It's unclear exactly what Trump would be pardoning Muhammad Ali for considering that the boxer's 1967 conviction for refusing to report for induction into the United States military forces during the Vietnam War was eventually overturned.
When Ali appealed his case to the U.S. Supreme Court for the final time in 1971, liberal stalwart Justice William Brennan convinced his colleagues to hear the case.
Trump also granted a commutation this week to 63-year-old Alice Marie Johnson, releasing from prison a great-grandmother who was serving a life sentence for drug trafficking. "I thought it was another deal where politicians got us into a war where we shouldn't have been in. I'm thinking about that very seriously and some others", the president said.
Ali died in 2016 after battling Parkinson's disease for over three decades.
It's safe to say that President Trump is throwing a pardon party.
Trump even invited the National Football League players who took a knee during the national anthem to protest police mistreatment of black people to offer recommendations for pardons for those who have been treated unfairly. Now, it looks like Trump is going on a pardoning spree.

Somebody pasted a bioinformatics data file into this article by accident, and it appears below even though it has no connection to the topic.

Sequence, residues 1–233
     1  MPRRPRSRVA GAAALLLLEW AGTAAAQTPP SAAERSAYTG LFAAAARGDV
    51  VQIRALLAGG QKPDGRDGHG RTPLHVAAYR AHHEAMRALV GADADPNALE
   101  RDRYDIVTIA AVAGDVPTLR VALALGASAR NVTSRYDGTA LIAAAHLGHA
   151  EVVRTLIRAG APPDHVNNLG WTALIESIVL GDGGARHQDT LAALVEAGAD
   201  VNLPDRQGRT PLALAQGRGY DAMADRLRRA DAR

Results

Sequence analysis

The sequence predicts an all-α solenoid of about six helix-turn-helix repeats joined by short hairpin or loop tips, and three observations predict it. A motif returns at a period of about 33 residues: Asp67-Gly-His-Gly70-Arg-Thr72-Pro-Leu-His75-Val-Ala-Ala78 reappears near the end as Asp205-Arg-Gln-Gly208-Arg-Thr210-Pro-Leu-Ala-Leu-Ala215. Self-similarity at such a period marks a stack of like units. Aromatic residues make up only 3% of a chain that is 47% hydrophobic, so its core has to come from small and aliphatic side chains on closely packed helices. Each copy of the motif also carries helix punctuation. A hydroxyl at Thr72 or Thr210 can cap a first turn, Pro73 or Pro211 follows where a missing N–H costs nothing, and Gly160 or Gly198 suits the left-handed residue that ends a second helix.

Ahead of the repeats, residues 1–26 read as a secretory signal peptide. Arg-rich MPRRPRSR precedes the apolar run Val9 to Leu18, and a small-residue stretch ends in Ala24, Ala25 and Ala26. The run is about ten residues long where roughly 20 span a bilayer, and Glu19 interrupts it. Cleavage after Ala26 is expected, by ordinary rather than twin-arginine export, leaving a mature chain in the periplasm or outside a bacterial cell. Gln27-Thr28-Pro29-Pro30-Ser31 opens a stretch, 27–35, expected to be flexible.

The U.S. Supreme Court overturned the conviction of Muhammad Ali in a unanimous decision in 1971.
Trump has reportedly become increasingly "obsessed" with pardons and enjoys talking about potential pardons with aides, The Washington Post reported Tuesday.
Trump has also floated a possible pardon for TV personality Martha Stewart and potentially commuting the sentence of former IL governor Rod Blagojevich, who was convicted on corruption charges in 2011.
"I'm thinking about somebody that you all know very well".
"We are looking at literally thousands of names of people that have come to our attention that have been treated unfairly or where their sentence is far too long", he said.
He also issued a pardon to Dick Cheney s former chief of staff Lewis "Scooter" Libby, who was convicted of lying to the Federal Bureau of Investigation in connection with the leak of a Central Intelligence Agency operative s identity.
Ali was an Olympic gold medalist in 1970 and the world heavyweight boxing champion in 1964, standing tall as an American icon.
"He wasn't very popular then, he certainly is, his memory is very popular now, I'm thinking about Ali, I'm thinking about that very seriously", he said.
Ali's attorney, Ron Tweel, thanked the president, but noted that a pardon was not necessary.